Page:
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Pipka JavaScript Skimmer

Security researchers at Visa’s Payment Fraud Disruption Group have spotted a new and unique JavaScript payment card skimming malware named Pipka which has been found to have infected at least 16 e-commerce websites so far. In a security alert released by Visa, their researchers describe the self-cleaning mechanism as something unique to Pipka. The new malware attempts to evade detection by removing itself from the HTML code of an infected website after it successfully executes. “The most interesting and unique aspect of Pipka is its ability to remove itself from the HTML code after it is successfully executed. This enables Pipka to avoid detection, as it is not present within the HTML code after initial execution. This is a feature that has not been previously seen in the wild and marks a significant development in JavaScript skimming,” researchers noted. Just like other card skimmers, Pipka is designed to steal payment card details such as card numbers, expiration dates, cardholders’ names, and other sensitive data. Once the skimmer has the information, the harvested data is base64 encoded and encrypted a cipher ROT13. This encrypted data is then stored in a cookie for later transmission to a remote command and control server (C2).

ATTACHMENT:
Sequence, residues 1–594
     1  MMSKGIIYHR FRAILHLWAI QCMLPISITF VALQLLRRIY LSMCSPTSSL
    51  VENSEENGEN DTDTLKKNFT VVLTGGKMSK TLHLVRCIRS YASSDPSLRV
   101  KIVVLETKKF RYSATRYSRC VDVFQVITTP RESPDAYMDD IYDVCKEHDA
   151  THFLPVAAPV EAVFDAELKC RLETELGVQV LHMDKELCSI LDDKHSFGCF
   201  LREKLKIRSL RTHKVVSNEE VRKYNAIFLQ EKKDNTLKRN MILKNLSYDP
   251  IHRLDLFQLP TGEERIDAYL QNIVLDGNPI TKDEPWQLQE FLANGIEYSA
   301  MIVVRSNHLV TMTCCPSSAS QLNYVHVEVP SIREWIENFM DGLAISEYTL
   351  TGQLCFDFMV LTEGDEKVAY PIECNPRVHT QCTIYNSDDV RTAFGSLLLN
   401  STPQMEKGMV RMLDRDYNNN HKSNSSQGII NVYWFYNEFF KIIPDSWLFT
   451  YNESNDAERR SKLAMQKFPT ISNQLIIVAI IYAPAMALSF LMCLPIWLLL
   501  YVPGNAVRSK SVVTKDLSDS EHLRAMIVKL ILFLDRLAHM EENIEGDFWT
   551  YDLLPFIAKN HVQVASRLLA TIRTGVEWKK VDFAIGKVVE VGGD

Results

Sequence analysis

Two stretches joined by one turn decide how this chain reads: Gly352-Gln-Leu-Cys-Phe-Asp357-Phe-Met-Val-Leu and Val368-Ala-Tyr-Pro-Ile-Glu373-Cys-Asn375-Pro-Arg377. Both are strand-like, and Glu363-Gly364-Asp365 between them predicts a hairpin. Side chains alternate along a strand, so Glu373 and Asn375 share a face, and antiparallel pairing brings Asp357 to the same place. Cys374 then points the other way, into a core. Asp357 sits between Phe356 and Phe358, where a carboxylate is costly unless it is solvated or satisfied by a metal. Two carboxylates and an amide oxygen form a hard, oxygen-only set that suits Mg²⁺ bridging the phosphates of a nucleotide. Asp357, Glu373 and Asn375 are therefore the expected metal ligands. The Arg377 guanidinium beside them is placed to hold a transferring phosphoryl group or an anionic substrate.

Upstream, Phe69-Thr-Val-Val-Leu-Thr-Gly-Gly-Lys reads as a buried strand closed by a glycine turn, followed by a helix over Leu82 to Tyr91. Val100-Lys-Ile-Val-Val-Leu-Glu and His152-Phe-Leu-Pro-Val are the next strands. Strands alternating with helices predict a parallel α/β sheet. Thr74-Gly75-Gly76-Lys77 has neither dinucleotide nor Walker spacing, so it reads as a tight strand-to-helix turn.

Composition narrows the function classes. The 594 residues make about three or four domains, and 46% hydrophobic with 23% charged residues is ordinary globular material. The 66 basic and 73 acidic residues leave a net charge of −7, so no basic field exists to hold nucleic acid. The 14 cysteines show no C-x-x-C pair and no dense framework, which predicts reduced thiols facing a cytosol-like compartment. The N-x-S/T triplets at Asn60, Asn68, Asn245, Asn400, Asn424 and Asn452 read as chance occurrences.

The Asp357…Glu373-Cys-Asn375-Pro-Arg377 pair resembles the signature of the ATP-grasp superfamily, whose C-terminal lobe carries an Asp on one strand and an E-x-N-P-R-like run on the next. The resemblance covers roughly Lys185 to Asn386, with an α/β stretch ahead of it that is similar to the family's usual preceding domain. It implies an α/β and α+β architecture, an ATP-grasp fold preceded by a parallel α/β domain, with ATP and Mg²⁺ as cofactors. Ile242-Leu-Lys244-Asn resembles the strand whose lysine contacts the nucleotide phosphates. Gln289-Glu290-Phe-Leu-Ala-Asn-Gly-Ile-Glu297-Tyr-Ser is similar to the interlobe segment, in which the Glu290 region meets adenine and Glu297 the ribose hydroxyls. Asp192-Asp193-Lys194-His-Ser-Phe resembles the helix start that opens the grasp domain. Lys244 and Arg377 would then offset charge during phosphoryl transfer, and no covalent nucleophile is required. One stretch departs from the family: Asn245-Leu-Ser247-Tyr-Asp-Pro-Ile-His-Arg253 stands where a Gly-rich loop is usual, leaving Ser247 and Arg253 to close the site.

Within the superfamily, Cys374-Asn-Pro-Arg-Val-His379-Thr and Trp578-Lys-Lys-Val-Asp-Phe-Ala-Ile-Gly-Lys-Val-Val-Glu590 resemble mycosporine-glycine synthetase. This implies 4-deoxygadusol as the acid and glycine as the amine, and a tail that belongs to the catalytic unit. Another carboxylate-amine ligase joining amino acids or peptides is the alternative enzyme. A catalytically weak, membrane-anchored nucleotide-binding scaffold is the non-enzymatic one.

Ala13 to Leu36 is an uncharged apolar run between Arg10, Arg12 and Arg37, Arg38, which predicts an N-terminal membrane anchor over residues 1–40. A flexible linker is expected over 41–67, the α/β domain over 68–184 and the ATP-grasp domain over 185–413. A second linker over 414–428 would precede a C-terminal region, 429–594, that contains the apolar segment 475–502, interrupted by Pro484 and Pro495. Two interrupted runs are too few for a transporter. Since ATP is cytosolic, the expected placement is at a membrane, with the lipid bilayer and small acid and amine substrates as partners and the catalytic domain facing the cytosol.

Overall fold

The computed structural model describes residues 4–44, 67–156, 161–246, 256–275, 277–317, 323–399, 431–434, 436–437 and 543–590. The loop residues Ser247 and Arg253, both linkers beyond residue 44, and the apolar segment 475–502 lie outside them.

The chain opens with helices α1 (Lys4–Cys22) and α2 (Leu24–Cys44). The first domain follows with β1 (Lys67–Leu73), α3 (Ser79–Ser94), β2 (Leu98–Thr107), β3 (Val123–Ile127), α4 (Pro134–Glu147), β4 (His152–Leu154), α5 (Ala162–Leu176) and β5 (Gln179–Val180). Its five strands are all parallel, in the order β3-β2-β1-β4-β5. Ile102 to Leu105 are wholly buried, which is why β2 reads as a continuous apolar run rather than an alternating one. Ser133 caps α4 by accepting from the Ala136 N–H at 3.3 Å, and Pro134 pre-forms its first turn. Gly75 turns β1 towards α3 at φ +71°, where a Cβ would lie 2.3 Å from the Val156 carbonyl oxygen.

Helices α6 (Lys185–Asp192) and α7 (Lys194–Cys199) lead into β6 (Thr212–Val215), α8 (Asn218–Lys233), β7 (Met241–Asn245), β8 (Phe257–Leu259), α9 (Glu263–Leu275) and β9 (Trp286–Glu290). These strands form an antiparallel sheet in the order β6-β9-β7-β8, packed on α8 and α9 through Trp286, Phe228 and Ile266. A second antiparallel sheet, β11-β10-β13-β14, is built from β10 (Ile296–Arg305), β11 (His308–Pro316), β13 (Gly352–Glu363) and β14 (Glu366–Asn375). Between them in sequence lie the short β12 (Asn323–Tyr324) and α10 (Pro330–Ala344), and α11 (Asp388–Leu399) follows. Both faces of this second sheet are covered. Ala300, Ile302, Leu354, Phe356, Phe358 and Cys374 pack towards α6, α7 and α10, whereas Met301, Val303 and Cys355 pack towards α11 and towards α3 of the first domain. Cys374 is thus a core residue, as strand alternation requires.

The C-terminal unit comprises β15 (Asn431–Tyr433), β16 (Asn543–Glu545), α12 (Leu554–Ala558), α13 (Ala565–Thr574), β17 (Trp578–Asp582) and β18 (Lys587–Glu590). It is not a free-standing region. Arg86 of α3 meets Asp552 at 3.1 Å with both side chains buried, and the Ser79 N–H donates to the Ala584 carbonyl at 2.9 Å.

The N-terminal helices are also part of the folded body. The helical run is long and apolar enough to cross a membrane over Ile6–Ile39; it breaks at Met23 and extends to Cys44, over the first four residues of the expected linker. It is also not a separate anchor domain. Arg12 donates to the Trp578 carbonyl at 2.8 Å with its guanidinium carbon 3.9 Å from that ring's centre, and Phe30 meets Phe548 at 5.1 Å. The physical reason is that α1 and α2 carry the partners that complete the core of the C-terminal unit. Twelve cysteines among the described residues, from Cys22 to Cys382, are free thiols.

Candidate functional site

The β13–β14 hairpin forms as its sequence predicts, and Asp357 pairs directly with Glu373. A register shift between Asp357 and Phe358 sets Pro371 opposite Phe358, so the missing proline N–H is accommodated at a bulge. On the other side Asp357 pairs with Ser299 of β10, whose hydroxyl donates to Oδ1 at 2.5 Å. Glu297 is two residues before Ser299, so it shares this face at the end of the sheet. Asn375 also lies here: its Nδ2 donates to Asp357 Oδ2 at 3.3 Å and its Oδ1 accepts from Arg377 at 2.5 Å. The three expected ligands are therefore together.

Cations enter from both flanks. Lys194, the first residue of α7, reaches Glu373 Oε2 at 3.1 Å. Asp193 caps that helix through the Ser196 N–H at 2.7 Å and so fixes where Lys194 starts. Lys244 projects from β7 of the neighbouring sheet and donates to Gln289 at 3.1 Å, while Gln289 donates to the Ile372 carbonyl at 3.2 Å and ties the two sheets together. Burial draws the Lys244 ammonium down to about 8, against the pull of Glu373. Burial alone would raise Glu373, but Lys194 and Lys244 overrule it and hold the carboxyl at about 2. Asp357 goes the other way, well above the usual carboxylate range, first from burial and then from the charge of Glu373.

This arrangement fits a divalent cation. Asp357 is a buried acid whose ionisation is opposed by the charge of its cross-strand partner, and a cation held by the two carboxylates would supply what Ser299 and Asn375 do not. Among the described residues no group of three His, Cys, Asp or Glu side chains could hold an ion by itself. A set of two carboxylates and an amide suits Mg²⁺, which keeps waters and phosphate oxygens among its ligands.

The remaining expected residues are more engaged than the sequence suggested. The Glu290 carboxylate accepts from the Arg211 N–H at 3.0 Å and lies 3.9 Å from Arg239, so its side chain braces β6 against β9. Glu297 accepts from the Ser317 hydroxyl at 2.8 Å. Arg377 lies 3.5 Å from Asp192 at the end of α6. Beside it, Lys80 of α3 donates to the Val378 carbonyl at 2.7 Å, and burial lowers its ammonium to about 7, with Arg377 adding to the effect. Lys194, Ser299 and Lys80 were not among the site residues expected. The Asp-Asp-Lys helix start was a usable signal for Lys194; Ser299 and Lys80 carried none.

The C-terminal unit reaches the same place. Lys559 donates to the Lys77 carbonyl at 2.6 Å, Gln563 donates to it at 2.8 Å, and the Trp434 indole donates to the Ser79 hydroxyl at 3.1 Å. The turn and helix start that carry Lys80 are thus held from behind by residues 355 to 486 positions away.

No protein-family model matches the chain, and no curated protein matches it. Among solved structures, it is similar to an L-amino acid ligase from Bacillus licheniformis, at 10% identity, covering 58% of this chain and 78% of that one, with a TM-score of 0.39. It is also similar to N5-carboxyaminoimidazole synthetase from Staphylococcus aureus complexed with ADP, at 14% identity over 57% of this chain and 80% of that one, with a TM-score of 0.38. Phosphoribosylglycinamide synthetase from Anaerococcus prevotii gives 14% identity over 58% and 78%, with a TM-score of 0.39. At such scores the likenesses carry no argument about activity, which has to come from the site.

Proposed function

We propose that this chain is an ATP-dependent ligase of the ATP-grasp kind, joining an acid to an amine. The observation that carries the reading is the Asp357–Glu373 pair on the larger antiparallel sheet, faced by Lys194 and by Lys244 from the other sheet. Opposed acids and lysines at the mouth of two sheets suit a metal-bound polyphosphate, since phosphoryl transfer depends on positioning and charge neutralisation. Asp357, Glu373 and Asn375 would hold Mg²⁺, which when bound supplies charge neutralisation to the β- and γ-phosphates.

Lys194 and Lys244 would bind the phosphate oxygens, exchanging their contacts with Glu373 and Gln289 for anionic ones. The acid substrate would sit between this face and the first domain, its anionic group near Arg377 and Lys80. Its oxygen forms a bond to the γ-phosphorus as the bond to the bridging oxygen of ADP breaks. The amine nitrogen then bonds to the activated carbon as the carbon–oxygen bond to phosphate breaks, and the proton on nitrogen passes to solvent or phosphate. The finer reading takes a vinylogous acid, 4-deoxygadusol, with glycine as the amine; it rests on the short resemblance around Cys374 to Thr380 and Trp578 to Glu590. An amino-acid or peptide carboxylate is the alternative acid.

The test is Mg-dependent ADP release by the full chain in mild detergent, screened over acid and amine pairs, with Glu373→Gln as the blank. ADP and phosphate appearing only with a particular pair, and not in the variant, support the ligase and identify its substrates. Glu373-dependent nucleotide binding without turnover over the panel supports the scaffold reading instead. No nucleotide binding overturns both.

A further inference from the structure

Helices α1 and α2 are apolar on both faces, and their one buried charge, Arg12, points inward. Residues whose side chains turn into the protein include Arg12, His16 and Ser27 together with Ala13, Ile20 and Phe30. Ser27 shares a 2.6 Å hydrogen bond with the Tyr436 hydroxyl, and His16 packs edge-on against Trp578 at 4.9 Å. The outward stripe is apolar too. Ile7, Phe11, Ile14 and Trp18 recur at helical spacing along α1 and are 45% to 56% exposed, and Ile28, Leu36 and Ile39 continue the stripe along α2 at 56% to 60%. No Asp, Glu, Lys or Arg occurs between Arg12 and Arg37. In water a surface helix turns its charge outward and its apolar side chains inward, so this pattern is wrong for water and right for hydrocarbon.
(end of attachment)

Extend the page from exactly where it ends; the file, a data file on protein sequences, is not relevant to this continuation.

Analyst Notes

Organizations should institute recurring checks in their payment portals for communications with C2 servers. Regularly scan and test eCommerce sites for vulnerabilities of malware, third-party vendors such as TrustedSec who are capable of penetration testing programs. Verify that all sites and programs are continually updated and patched to provide the latest security protocols. Limit access to the administrative portal to only those who need them. Users are recommended to employ credit monitoring services to watch for unusual or malicious activity of their financial accounts and report any unusual activity as soon as found.

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Visa security alert: